My friendship with this guy from Hoquiam, Wash., began during the first phase of our Special Forces training in 1967. One of the most difficult challenges was land navigation, where we had to find small, numbered metal tags attached to trees.

With only a compass and map to guide us, we had to cover miles of rough, wooded terrain to find a dozen or so tags, some of which were thousands of meters apart. The exercise started during the late afternoon and went on well into the night.

"I remember doing the land-nav' course with you out back of Yadkin Road," Eldon said when I asked him if he remembered how we first met. He was referring to a large wooded area that has since been replaced by buildings and a freeway.

"The course ran all over that area

and even out east of that," Eldon said. "We ran through the whole thing and finished way ahead of everybody.

"That's when we started hanging around together, because we could both do that and beat everyone else."

Although Special Forces soldiers are cross trained in a number of military skills, such as weapons and demolitions, each man also has a primary skill. The specialty training Eldon and I received was in communications, which required us to learn Morse code.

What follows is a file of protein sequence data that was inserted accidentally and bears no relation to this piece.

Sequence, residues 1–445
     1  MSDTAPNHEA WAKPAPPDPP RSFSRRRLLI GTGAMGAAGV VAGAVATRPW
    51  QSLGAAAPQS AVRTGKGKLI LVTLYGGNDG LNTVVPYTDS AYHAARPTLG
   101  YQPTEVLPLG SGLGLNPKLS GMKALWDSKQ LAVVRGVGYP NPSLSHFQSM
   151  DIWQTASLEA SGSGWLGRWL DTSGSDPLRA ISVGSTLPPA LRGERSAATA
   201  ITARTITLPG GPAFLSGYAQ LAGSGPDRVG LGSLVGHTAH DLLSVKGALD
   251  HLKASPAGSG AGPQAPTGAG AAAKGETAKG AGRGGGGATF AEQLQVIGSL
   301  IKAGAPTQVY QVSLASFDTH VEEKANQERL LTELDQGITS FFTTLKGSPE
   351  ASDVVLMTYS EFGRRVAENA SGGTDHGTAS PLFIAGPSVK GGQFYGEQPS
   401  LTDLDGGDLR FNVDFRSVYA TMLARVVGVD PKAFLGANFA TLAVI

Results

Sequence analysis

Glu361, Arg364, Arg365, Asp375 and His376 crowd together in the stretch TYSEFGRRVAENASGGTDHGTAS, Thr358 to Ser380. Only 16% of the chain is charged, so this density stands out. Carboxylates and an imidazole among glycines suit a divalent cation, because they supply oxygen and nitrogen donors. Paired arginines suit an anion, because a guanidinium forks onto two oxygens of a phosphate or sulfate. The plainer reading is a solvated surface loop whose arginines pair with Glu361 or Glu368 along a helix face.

"I remember the bad things, like the eight hours a day of Morse code training that went on for weeks in that old World War II barracks," Eldon said with a smile. "The code room was on the second floor and it was probably 95 degrees up there every day, and we'd be trying to learn this stuff with sweat running off our faces.

"I thought, 'Man, this is terrible.' And then the two-week field exercise up in Pisgah National Forest in the cold and snow. We were trying to make [communications] and sticking wires up and all that, and nothing would work and the instructors weren't all that happy with us.

"But you know, I still remember Morse code. We set up some radios in the desert in Jordan back in 1985. We were communicating back to Fort Bragg with Morse code, and I could still copy it. Just for the hell of it, I sent a message back to Bragg in the clear, and I could still tap it out."

Eldon's last duty assignment was as deputy chief of staff for operations in Iraq. When he was making his retirement plans, he thought he would make it easy on his family and have the ceremony at Fort Benning, Ga., which is near his new home in Eufaula, Ala.